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  • Leah Cee

Decluttering VHS Tapes

Hands up who has at least one VHS tape in their home? Hands up who has a VHS player on which to play VHS? If your hand shot up in a flash, you're not alone.

These old clunkers, now more likely to be a museum piece than a functional form of entertainment, still lurk in many a garage, spare room, wardrobe or even the living room. Hugely popular in the late 70's and 80's (who didn't have a copy of Top Gun or Dirty Dancing?), VHS was a mainstay in most western homes giving viewers a greater choice over what they watched and when.

VHS and Betamax went head to head in the consumer market to dominate the home video industry. Despite Beta being far better quality, VHS won the battle with its more affordable price point and thus began a frustrating search through a limited range of titles at Blockbuster if you owned a Betamax machine.

Enter the DVD in 1996 and all that rewinding and fast forwarding soon lost its shine. As did the grainy, sometimes rather poor resolution oxide coated magnetic tapes, as a reliable format.

By 2008, the last stand-alone VHS unit rolled off the production line at JVC, although some manufacturers continued to make VHS/DVD combo units even though VHS usage was fast declining.

Even though the VHS/Beta technology is now largely obsolete, many households still hold onto, if not the machines, but the tapes - generally for sentimental or historical reasons, or they form part of a collection.

So, what do we do now with these unmistakable plastic chunks of nostalgia?

Well, there are three options:

1. I still love and watch my VHS tapes on my Panasonic / JVC / Sony VHS player

Don't do anything. Keep loving them.

If you chose Option 1, then decluttering your VHS tapes is not a priority and you probably clicked on this link by mistake. Enjoy your movies!

2. I still love them but never watch them and don't have anything to play them on.

Release them.

Ask yourself why you need to keep something that isn't being used and isn't going to be used in the near or far future. If the need arises, could you borrow from someone who does have it, or could the movie / doco / tv show / event, be found on an alternate format (DVD, Netflix, Disney+, Stan, Hulu, Foxtel, Amazon Prime, Binge, youtube or any other streaming service?

If you're thinking - "but I don't want to pay for streaming to watch this movie", then the movie probably isn't that important. Unless you borrow or buy yourself a VHS player, you're not watching it anyway. Let's cut to the chase - it's just taking up precious space in your home for someone to chuck in a skip once you've popped off this earth.

Free up your space. Some charity stores still take VHS tapes and trash and treasure collectors may buy them for between about 10 cents and 50 cents a piece. They may attract a slightly higher price if they are uniquely collectible, but don't assume you're sitting on a gold mine. You're not.

At least not with VHS tapes.

3. I have a bunch of home movies of my friends and family. No way am I getting rid of them.

My advice - act now.

If you have nostalgic videos of dear family and friends, please get your VHS tapes digitised - and I would be making this a priority. There are several reasons for this. Firstly, the oxide on those VHS tapes is not going to last forever and you are running the risk of not having the memories if you do watch the tapes down the track. You may just be viewing a whole bunch of black.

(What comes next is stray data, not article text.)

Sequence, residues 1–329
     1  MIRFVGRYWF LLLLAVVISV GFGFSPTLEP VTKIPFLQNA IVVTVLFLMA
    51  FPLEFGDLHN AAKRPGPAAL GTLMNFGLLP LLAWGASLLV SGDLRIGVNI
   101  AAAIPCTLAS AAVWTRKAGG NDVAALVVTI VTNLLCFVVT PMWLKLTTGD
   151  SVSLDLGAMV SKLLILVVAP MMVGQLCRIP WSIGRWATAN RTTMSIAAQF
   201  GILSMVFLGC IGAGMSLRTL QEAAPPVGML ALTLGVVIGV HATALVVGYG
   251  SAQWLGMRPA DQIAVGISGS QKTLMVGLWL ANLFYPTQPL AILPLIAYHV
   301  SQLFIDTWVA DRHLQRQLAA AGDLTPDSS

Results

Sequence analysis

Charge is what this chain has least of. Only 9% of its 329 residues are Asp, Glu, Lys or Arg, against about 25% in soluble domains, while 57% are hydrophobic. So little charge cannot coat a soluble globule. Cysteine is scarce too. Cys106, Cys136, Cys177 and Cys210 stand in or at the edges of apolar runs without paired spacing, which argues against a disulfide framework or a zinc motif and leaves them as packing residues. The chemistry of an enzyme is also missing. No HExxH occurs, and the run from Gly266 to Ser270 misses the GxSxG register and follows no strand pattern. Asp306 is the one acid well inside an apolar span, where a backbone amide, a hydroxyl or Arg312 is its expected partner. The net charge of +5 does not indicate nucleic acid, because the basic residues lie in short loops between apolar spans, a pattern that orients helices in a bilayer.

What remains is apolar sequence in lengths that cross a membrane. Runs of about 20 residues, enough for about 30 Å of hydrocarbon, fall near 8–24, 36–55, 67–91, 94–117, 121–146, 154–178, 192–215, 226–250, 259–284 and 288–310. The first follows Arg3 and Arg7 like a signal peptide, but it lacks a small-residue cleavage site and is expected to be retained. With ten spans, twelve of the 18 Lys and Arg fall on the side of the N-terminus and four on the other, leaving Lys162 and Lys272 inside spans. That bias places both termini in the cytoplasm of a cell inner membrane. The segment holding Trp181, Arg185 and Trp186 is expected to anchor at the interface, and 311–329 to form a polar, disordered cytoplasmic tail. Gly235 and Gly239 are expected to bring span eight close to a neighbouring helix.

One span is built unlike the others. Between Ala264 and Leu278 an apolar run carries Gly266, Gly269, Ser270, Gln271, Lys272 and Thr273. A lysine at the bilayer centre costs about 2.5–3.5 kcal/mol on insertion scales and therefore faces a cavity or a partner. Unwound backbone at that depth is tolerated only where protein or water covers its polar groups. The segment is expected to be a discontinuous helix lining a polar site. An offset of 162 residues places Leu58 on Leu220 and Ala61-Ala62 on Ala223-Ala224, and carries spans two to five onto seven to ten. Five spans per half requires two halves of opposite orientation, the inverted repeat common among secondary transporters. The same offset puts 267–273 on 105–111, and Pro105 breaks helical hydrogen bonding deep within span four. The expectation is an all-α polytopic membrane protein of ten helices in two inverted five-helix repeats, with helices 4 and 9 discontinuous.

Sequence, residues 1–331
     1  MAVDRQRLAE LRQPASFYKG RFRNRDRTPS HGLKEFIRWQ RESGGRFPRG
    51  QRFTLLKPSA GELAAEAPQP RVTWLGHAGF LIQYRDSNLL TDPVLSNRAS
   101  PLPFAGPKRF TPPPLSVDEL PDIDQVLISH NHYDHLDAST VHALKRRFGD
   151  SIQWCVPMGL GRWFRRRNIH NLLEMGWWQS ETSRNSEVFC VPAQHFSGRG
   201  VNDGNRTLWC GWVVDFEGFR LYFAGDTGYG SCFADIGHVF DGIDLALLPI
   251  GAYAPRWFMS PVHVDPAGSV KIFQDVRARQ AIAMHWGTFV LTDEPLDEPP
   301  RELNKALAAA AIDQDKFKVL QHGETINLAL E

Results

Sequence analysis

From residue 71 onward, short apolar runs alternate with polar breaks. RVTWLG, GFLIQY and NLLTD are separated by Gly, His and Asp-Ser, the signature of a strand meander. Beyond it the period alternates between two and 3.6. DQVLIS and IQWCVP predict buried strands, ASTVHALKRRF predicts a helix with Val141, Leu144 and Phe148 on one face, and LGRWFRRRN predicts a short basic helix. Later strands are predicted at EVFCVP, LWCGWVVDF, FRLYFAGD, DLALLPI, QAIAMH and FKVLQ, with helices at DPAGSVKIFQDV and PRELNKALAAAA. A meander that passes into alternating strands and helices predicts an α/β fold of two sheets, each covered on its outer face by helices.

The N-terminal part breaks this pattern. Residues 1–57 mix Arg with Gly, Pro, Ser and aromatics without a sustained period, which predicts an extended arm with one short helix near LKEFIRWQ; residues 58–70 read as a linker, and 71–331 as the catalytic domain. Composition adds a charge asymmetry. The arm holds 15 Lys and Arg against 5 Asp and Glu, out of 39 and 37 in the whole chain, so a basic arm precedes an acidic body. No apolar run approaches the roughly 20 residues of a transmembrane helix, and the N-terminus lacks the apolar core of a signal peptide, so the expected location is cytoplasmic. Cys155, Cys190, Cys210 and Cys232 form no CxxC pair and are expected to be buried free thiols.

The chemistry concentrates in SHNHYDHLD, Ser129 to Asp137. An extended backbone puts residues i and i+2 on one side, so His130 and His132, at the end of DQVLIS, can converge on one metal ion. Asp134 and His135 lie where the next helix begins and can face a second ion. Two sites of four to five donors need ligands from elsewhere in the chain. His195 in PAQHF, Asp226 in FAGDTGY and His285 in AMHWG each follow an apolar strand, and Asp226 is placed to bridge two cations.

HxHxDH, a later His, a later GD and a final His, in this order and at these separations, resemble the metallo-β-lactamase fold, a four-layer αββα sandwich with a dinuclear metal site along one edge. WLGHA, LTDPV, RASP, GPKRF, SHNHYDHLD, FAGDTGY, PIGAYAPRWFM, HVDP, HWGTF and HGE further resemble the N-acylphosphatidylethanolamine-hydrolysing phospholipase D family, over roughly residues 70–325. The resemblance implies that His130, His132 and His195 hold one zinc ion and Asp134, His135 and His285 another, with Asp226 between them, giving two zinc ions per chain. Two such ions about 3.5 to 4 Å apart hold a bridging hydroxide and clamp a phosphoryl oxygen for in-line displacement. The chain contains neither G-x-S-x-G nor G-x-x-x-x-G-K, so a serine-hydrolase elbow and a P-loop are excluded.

Backup Backup Backup - if for no other reason, you should have a backup of these memories. If you were to lose the original VHS copies, at least you will have a digitial copy that ideally would be on a computer, plus at least two hard drives - one stored off site.

There are many companies who can digitise your VHS memories to a USB or alternate data source. Google search, "VHS to digital" and you'll find companies in your area who can perform the task. Prices vary but as a guide, budget around $10 - $15 per 3 hour tape plus the cost of the USB. A 3 hour (180 minute) tape is about 4GB worth of data.

And last, share those memories around with family and friends so someone else has a copy of them. They can be enjoyed and remembered by more than just yourself. Quite often no-one else in your family will know of their existence until you share them.

Disposing of VHS Tapes

If the tapes are studio produced and they're not fit for the charity shop or you just want them gone quickly, the simplest thing to do is remove the cardboard sleeve and recycle it, then put the tape in landfill. It pains me to say that, but I have taken VHS tapes apart and removed the tape to find that it's a rather messy and time consuming process for most of the object to end up in landfill anyway. The oxide tape cannot be recycled and must go into landfill. The casing is a little tricky to remove once you take the five screws out and to be honest I'm not sure of the health implications when inhaling whatever little tiny chemicals the tape exudes.

By all means research the health risks at your own leisure and if you're happy there's no risk involved, then separate the recyclable bits into a hard plastic recycling bin and bin the rest.

If the tapes feature sensitive information or vision you'd rather not have in someone else's possession then total destruction would be advised. Either smash those tapes into smithereens with a sledge hammer (please wear goggles!), or employ the services of a secure e-waste disposal company like Shred-X.

Unfortunately the makers of VHS and Beta didn't employ any environmentally friendly practices in the process of this technology, so we are now stuck with more and more waste going into landfill. It really does make you think about what will happen to your future purchases, and ultimately the health of our planet.

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